High credit quality has several dimensions. Changes in emissions must be calculated accurately and account for “leakage”, whereby emissions rise elsewhere. An activity should be “additional”, meaning that it wouldn’t have taken place without credits. Activities are unlikely to be additional if they are financially viable outside of the VCM or mandated by government policy. Reductions or removals of GHGs should be permanent (in effect, lasting at least several decades). Finally, there should be no negative impacts on other aspects of sustainable development, such as protecting biodiversity or supporting women’s empowerment – ideally, credits should have positive impacts on these goals. All of these attributes should be monitored and reported transparently, and verified by legitimate third parties, usually provided by specialist firms.
There is a common perception that GHG removals are higher quality than emission reductions – especially since a high-profile set of principles, published by Oxford academics, encouraged a shift towards removals by 2050. This requires nuance.
Since measuring reductions requires assessing a hypothetical situation where the activity didn’t take place, removals can be easier to verify. Net zero, whether at global or organisational level, can only be achieved with removals. However, many emissions reductions are essential in the near-term and could prevent cascading emissions and temperature rises, such as protecting rainforests or mangroves. And in 2023, monitoring, reporting and verification for removals remains patchy. Whatever the type of activity, there is no substitute for robust standards.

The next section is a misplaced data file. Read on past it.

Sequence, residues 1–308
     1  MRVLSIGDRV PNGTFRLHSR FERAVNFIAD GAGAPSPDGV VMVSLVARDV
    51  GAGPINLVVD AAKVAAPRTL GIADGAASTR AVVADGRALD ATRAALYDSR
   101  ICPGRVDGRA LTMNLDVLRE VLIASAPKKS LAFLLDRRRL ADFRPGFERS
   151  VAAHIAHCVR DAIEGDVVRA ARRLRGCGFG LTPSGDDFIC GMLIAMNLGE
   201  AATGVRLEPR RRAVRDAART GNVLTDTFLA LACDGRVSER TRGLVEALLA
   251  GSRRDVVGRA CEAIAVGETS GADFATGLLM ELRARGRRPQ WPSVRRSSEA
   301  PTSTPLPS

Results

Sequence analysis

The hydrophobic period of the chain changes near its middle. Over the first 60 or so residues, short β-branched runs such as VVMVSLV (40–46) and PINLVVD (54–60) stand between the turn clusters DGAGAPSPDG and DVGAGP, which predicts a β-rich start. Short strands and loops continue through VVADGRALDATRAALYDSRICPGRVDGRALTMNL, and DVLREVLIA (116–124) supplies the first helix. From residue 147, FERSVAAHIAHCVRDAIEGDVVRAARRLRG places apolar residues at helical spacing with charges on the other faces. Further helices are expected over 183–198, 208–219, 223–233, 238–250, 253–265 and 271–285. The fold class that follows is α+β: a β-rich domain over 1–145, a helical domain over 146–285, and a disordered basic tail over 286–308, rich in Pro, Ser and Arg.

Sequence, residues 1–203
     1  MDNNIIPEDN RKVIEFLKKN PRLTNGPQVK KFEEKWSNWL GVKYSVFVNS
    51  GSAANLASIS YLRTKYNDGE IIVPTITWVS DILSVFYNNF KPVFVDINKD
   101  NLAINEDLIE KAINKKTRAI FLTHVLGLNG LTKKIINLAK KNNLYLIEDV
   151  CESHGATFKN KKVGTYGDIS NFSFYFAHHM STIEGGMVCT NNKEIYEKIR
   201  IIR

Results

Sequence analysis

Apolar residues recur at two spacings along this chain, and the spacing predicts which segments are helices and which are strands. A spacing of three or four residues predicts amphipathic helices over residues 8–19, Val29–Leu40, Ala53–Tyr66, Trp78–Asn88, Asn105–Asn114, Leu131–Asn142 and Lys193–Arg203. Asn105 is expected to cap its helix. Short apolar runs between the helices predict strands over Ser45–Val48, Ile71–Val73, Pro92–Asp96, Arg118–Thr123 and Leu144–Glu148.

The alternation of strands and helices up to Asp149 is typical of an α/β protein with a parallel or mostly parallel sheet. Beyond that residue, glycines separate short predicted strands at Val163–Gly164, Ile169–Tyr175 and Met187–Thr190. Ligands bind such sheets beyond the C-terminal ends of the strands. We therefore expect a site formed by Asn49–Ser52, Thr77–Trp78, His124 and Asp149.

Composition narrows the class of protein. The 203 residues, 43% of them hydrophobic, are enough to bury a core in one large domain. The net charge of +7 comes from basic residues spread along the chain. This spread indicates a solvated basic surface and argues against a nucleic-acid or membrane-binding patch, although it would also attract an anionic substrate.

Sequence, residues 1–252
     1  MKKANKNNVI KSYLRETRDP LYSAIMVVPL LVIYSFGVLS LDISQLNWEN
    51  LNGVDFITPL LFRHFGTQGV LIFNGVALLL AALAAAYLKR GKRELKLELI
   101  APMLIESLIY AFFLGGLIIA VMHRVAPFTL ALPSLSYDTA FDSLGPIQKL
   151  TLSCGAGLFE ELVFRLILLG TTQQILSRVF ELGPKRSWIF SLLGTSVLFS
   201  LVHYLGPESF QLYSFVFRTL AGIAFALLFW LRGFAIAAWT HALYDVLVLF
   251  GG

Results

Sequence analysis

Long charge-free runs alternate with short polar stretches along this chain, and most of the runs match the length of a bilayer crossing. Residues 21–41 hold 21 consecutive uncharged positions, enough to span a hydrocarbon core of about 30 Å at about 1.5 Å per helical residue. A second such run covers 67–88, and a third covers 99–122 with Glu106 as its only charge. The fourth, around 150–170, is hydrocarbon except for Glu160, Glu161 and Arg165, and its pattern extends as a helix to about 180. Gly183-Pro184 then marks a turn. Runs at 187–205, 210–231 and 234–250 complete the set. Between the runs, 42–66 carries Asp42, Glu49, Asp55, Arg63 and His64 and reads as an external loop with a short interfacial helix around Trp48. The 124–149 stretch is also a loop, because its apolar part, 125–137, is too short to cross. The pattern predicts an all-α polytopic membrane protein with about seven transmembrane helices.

Researchers have alleged that many projects certified by major independent standards, such as Verra and Gold Standard, exaggerate their achievements and may even harm local communities; there are records of people being removed from their homes by developers claiming to be protecting forests. The industry is trying to fix this. Most prominently, a civil society and private sector coalition known as the Integrity Council for the Voluntary Carbon Market has been defining “core carbon principles”, or benchmark rules, for credits and the certifying bodies themselves. Receiving a mixed reception for its first release, the framework does require improvement on key issues including clarifying credit beneficiaries and non-carbon impacts. Following its release of the full framework at the end of July, the group aims to make decisions on certain credits it deems consistent with its principles by COP28 at the end of this year.
Private carbon credit ratings agencies, such as Sylvera, Be Zero and Calyx Global, can provide an extra layer of scrutiny to certified credits. Whereas certification is a binary test, ratings reveal variations in quality and can highlight areas that need improvement. For example, while clean cookstove projects are likely to be additional and substantially improve people’s quality of life, carbon credits from these projects probably overstate emission reductions. Civil society groups have also made extra efforts to shore up credit quality, including the Carbon Credit Quality Initiative and Tropical Forest Credit Integrity Guide, developed by NGOs in collaboration with Indigenous people’s groups.